Passive cooling in PC hardware components are the panacea for the most freaks of silence , since lacking fans and therefore moving parts, they do not emit any sound. However, as it lacks active cooling, a passive heatsink does not dissipate heat as efficiently and can lead to temperature problems , which is why special care must be taken in which model we choose for each component and, oddly enough, also Its orientation influences a lot and we are going to talk about this below.
When a manufacturer says, in the product specifications, that its passive heatsink is capable of dissipating a certain amount of heat watts, this value has been measured under optimal conditions, something that is almost never met once we install the device on our PC because Every box and hardware item is different. In a passive heatsink, in addition, it is doubly important to take into account the physical and environmental conditions since, lacking active cooling, it depends on its environment to be able to function efficiently.
Why choose a passive heatsink for your PC?
As we have mentioned before, this type of heatsinks are the ones that, whenever possible due to thermal conditions, are chosen by the most maniacal of silence. There are many users who do not care if their PC makes some noise, either because they have the box on the floor and they hardly notice it, or because they usually have headphones that isolate them from the noise of the PC and they do not notice it either, or because it just doesn’t bother them at all that the box makes a little noise.
However, there are also many users who do find noise a lot annoying, especially those who must work on the PC and need to have maximum concentration on what they are doing. This type of user ends up becoming maniacs for silence and any small noise, even that made by the fans running at a minimum, annoys them, and it is this type of user who often prefers to sacrifice thermal performance in their equipment in order to have the greatest possible silence.
A passive heatsink is obviously capable of dissipating much less heat than an active heatsink, since they lack an element that evacuates the heat itself (the fan in this case). That is why with the highest-end CPUs it is practically impossible to find a passive heatsink capable of maintaining a good temperature level, and this is even more true when you want to have a completely fanless case , without fans.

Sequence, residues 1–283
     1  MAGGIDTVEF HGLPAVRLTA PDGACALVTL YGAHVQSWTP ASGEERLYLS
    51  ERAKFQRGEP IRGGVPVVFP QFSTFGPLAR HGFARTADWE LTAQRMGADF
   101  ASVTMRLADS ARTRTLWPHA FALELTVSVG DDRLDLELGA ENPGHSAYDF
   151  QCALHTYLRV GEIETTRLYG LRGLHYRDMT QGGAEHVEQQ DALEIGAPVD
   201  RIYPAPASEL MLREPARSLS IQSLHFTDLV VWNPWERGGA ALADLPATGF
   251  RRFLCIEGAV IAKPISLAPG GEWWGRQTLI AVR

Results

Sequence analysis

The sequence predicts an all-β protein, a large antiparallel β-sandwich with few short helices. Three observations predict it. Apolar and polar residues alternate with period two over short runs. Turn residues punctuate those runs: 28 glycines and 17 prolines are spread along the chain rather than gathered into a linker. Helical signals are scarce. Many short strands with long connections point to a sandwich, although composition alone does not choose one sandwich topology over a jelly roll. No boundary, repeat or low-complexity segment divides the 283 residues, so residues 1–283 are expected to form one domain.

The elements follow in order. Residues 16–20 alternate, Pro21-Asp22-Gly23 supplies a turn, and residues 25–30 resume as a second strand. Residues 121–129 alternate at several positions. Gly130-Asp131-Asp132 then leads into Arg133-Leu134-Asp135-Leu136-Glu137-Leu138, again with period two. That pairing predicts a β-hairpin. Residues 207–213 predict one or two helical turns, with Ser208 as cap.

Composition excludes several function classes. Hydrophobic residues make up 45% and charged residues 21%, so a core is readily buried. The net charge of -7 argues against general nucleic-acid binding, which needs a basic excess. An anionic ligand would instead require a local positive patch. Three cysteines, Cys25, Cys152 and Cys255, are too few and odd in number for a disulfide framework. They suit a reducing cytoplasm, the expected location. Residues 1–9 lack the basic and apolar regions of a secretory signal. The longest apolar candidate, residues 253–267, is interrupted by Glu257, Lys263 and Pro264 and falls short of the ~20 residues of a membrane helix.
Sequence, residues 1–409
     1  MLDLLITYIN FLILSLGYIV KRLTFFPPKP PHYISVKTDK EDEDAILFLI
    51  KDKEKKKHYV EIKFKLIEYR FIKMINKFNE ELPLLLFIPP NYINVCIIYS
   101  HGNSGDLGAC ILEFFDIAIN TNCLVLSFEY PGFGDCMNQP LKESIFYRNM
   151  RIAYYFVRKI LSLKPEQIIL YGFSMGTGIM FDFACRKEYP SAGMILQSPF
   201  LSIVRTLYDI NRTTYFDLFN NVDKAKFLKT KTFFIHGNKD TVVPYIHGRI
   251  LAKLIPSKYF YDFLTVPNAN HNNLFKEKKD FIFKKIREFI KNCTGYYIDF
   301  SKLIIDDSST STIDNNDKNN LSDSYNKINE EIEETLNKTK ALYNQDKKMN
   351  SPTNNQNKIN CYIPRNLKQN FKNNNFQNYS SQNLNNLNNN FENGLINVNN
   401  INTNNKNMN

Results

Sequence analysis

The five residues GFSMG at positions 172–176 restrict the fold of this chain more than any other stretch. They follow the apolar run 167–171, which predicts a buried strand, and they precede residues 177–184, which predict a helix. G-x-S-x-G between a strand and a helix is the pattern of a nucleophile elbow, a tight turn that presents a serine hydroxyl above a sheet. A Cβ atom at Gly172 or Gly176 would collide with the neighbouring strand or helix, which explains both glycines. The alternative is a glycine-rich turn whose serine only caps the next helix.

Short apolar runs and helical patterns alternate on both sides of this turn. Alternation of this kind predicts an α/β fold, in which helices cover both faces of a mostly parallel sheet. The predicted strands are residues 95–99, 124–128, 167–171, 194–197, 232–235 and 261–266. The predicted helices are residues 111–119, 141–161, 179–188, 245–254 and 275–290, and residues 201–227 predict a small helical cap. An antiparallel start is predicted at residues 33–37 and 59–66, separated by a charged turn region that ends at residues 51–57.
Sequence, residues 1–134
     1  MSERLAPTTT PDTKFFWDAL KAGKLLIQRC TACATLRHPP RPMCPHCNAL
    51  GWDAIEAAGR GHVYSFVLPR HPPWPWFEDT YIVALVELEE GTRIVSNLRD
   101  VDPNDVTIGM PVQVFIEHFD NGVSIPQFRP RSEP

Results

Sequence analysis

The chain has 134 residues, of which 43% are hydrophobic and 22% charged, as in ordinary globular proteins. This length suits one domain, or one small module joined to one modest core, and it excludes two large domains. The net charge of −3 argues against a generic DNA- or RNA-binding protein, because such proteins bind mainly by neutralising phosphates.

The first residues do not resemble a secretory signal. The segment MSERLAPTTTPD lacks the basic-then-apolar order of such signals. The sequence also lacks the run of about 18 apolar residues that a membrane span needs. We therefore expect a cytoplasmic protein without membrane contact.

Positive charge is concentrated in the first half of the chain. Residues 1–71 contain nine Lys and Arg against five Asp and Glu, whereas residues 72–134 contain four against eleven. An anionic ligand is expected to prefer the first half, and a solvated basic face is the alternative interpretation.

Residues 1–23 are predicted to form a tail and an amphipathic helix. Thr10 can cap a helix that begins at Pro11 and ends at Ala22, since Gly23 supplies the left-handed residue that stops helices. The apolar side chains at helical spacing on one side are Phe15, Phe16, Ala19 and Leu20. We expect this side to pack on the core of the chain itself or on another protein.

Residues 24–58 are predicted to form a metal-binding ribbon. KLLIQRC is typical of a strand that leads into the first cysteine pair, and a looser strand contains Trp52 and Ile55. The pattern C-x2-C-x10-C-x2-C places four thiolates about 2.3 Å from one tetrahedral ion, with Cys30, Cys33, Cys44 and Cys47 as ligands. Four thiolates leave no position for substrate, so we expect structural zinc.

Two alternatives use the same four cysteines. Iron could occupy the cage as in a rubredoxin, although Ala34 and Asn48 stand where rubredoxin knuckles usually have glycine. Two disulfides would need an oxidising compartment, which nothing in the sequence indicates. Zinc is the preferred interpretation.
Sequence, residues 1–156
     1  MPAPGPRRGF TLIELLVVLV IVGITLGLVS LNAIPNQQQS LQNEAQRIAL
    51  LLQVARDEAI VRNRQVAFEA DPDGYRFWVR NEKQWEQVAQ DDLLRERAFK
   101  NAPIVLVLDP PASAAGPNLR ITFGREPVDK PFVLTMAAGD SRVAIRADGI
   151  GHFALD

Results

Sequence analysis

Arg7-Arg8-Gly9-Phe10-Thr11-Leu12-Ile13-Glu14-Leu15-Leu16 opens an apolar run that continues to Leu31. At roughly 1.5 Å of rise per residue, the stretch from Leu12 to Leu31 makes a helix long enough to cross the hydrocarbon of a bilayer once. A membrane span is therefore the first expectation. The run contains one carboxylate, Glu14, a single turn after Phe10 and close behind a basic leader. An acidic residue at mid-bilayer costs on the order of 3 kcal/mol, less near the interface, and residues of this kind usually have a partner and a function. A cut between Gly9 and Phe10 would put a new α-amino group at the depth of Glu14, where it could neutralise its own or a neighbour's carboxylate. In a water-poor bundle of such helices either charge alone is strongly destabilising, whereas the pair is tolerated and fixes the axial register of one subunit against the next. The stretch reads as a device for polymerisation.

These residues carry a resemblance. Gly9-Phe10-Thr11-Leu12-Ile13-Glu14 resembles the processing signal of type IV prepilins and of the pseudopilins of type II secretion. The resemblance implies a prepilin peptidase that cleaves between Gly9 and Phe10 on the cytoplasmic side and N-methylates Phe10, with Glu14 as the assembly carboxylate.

In other words, this type of heatsinks are not suitable (almost never, at least) for gaming or high-end PCs , but rather for low-power computers or equipment equipped with low or medium-low end hardware that do not generate much hot. Certainly there are models that are designed to dissipate a large amount of heat, but we again emphasize the fact that they are not ideal.
Let’s take an example: imagine a 95W TDP processor to which a normal heatsink is installed over the air, which as soon as it is moderately good will be able to dissipate 150W of heat. That processor could be at rest at a temperature of about 30ºC, reaching 65ºC under maximum load. If we installed a passive heatsink with the capacity to dissipate 95W of heat (and it would already be one of the best), the processor at rest is probably at a temperature of 50-55ºC, reaching 90ºC or even more when subjected to it. to load. This, obviously, will influence its performance (thermal throttling) and will also shorten its useful life, which is why it is not recommended.
The Importance of Orientation in a Passive Heatsink
Whether you are one of those who have a high-end PC and still want the maximum silence or you are one of the users who have a low-end PC that seeks the minimum necessary noise, if you have decided to go for a passive heatsink for your CPU you should know that the orientation of the heatsink is very important, and especially if your case is not completely fanless (that is, you have case fans to generate internal air flow).
Passive heatsinks are generally made up of a copper core that makes contact with the processor’s IHS to maximize heat transfer, and then have a series of aluminum sheets distributed over a large surface area so that the heat passively dissipate. In the event that the heatsink itself does not have a fan, it will depend on the air flow of the case to better dissipate the heat generated by the processor, and therefore you must take into account where the air goes internally in your case. .
In the image above we have put a box with a conventional air flow, in which fresh air from outside enters through the front and hot air comes out from behind and above. In such a case, the orientation of the passive heatsink is extremely important because the idea is that the air passes through the aluminum fins (cooling them) in the largest possible area.
What orientation is the most appropriate?
Thus, the heatsink must be installed in such a way that the fins are in line with the air flow , so that fresh air can pass through most of its surface and thus cool the aluminum fins.
If we installed the heatsink rotated 90 degrees, what would occur is that the fresh air would hit the first of the fins directly, cooling only this one but without reaching the rest of the fins and of course without crossing its surface, something that would be harmful and not only in the thermal aspect as it is not using the maximum dissipation surface, but also noise would be generated by causing the air to collide with the “wall” of the first of the heatsink blades.
Therefore, the most suitable orientation to install a passive heatsink is with the aluminum fins in line with the internal airflow of the case. Even in cases that are totally fanless, that lack fans, you should make sure that the orientation of the heatsink is with the blades facing the vents because even without fans, some air always enters and leaves the case (finally, after all the air is always in motion).